As such, alongside our international volunteering programme, we work with local partners to help them create or co-ordinate their own volunteering programmes. In this way, we have contributed to creating opportunities for young Jamaicans and Guyanese to engage in volunteerism as a way to own the process of development and influence decision-making processes. Over the past 50 years we have built an approach to improving participation & governance through volunteerism. This includes:

  • Working in partnership – We do not recruit local volunteers, but rather use our expertise to help our partner organisations create and run their own volunteering programmes.
  • Promoting active citizenship, learning, innovation and networking through volunteerism.
  • Advocating for enabling policy and legal environments conducive to the growth of in-country volunteering initiatives.
  • Engaging in reflective learning and knowledge sharing processes.
  • Working with the private sector –  increasing knowledge and awareness of the mechanisms for and value of supporting volunteering as an effective and sustainable tool to fight poverty and disadvantage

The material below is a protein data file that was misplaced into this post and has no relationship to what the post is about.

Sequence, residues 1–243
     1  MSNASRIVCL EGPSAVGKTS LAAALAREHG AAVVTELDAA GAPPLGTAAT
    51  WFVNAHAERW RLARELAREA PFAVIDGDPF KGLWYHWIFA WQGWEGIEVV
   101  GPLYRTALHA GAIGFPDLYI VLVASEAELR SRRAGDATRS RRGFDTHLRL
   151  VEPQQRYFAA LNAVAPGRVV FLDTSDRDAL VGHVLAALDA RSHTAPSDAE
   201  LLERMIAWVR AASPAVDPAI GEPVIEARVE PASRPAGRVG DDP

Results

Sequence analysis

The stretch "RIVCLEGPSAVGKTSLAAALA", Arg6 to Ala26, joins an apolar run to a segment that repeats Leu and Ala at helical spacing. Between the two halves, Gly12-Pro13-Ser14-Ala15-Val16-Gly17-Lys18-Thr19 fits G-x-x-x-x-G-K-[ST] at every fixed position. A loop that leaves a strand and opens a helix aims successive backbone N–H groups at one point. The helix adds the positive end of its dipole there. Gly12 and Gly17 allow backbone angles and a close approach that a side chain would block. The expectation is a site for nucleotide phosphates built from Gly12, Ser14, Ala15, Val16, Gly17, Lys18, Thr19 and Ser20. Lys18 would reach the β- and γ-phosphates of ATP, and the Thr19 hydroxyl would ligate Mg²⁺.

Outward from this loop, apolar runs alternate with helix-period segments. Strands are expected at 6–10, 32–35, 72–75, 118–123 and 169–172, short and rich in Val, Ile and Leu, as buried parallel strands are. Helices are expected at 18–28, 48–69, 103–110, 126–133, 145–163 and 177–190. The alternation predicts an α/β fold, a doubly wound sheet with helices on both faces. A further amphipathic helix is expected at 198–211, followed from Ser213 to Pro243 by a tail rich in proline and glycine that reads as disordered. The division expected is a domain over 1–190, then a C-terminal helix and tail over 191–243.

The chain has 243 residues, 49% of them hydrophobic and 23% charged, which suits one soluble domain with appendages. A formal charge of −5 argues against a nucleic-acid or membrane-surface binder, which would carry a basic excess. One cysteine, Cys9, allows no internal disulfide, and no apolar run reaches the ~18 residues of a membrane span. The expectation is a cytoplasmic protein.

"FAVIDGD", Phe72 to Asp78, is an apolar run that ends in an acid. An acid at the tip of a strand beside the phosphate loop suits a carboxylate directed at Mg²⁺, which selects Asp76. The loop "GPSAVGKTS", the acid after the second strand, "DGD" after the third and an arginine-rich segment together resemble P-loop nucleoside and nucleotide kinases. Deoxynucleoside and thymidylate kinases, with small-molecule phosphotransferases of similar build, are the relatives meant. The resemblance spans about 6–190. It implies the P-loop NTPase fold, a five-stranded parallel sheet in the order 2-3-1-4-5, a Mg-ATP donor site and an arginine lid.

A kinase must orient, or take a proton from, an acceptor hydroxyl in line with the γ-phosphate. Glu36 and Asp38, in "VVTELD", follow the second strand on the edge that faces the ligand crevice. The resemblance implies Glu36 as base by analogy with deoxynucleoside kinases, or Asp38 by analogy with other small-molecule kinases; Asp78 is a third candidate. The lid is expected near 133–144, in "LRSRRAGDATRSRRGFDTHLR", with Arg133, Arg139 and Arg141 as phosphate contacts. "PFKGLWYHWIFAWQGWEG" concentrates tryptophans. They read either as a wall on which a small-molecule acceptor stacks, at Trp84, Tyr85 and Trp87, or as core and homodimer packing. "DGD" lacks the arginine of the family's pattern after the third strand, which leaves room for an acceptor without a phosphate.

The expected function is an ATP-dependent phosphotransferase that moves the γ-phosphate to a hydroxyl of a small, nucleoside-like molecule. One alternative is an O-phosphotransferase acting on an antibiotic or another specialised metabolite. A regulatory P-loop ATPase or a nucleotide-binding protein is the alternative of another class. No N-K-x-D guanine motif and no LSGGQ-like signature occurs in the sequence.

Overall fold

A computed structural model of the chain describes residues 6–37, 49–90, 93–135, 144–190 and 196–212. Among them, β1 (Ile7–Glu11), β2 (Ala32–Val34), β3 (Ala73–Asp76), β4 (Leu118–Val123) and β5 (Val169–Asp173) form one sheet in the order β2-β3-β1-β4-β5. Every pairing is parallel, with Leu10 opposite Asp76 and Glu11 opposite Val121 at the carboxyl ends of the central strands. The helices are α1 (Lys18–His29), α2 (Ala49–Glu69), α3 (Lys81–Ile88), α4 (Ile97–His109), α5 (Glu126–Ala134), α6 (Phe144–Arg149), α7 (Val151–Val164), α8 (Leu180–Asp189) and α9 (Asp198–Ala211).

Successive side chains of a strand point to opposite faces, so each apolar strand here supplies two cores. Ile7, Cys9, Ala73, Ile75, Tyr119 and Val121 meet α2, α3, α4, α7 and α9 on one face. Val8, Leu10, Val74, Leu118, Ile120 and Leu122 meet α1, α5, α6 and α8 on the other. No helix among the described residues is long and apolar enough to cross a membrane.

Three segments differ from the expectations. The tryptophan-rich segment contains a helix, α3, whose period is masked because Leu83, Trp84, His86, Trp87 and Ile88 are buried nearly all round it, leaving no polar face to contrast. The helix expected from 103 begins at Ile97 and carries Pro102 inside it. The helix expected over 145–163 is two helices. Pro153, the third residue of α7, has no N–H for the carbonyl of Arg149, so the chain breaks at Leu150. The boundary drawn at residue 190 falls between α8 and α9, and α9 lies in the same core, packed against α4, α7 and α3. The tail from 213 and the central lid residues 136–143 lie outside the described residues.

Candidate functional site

• Promoting effective gender equality programming

As a part of Cuso’s strategy for youth empowerment across the region, we will expand our efforts for the empowerment of youth socially and economically to include five countries – Grenada, Dominica, Jamaica, Guyana and Belize. Apart from youth Participation, voice & volunteerism, we will also focus on Access to Justice and Entrepreneurship/Employment.

We envision a Caribbean region in which all young women and men, particularly the most marginalized and disadvantaged are active and responsible citizens within their societies and are valued as partners in the development process. We see volunteerism as a very effective tool for achieving this.

For more information on CUSO International initiatives, please contact:

Ms. Onyka Barrett – Regional Advisor/ Programme Manager, Cuso International in the Caribbean

onyka.barrett@cuso-lac.org; 1-876-929-8774


[1] CIVICUS, IAVE, UNV: Volunteering & Social Activitsm: Pathways for participation in human development, World Alliance for Citizen Participation, the International Association for Volunteer Effort (IAVE) and United Nations Volunteers (UNV) programme, 2007/8.